Trying a race discrimination case can be challenging for attorneys and experts. Much of the success of these cases turns on discrimination expert witness opinions and testimony, and savvy litigators should pay attention to what prominent experts have to say on the matter in terms of guidance. This article examines a well-known expert’s opinions and provides assistance to discrimination attorneys in civil cases.
Many expert witnesses have discussed the best ways to try discrimination lawsuits and have offered practical tips for today’s litigators. This article offers advice from expert witnesses who have spent a great deal of time analyzing the best way to succeed in racial discrimination cases, based upon what is know as the Wellman Framework.
David Wellman, a well-known sociologist, author, and expert witness on matters of race and social science initially found himself in a conundrum when he began doing extensive investigations on racial discrimination. When his work began, he felt that he, as a white man, should not be conducting the research because the outcomes of such research were affected by the fact that he was an outsider and could only take the perspective of a white man. See Alfonso R. Latoni-Rodríguez, “An Expert Witness on Race and Tenure: Wellman Educates the Court,” American Sociological Association: Footnotes, Nov. 2001. At the time, Wellman argued that “white sociologists should not do race… and that scholars of color were the ones called upon to determine the issues of research on race relations in the United States.” Id.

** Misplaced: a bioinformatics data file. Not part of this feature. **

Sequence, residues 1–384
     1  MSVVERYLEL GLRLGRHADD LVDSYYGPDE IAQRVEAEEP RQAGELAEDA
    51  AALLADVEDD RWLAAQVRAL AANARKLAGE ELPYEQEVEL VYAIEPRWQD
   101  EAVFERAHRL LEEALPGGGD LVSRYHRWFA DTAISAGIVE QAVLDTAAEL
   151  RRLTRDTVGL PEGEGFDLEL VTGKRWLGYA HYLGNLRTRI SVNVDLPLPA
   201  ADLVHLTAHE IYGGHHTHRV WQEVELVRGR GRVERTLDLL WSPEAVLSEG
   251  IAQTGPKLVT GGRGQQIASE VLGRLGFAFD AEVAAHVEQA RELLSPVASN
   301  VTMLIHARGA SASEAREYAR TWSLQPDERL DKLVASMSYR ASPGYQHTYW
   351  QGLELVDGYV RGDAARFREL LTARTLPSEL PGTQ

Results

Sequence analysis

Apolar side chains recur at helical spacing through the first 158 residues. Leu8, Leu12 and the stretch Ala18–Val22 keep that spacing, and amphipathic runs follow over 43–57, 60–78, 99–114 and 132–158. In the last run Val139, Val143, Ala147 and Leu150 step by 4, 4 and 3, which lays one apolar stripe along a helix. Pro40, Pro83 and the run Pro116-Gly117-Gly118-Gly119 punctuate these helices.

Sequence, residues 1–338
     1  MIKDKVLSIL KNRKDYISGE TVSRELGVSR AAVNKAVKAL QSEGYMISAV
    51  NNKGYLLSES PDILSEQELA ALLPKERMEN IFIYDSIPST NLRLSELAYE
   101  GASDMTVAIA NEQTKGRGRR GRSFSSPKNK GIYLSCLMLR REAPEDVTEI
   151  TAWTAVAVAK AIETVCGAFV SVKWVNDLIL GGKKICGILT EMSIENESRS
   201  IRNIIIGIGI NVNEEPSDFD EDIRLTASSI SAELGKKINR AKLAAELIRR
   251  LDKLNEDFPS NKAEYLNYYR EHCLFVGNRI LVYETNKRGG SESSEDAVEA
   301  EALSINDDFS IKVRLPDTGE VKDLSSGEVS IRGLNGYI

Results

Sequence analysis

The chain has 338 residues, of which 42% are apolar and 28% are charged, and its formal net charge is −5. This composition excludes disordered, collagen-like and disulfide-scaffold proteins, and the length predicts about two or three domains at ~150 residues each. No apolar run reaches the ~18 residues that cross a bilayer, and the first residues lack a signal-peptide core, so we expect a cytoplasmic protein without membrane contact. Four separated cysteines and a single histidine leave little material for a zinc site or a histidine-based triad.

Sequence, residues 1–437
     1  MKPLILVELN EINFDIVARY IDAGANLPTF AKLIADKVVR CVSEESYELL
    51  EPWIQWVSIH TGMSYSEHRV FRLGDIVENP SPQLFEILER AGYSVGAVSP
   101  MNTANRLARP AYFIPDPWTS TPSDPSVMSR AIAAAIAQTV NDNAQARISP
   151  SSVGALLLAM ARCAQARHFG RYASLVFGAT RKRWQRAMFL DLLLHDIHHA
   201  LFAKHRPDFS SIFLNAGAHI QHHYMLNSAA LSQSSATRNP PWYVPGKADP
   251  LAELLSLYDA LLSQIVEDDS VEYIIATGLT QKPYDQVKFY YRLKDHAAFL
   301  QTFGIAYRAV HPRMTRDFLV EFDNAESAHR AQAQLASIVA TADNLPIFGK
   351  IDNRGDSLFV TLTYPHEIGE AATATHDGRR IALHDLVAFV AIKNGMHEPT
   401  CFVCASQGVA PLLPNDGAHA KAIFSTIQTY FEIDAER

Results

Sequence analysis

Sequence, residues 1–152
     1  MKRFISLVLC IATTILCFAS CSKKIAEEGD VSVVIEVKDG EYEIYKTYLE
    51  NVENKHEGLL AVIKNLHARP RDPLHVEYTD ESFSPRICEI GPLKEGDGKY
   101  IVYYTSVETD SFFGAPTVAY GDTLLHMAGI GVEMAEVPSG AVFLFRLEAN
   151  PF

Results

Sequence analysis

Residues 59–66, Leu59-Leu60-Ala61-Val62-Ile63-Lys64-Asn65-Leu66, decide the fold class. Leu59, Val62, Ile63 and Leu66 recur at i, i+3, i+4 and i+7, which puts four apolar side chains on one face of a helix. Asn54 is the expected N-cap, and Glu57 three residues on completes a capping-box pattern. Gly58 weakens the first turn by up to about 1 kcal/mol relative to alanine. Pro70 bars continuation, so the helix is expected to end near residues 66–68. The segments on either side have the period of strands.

Since then, however, Wellman has changed his position and has instead advocated for a framework that experts and attorneys should use when conducting investigations and trying to determine whether race discrimination took place. After some 30 years of research, Wellman established some guidelines to help attorneys determine whether a particular expert or study is reliable, or whether those opinions have been affected by a (potentially unconscious) bias that would skew the results.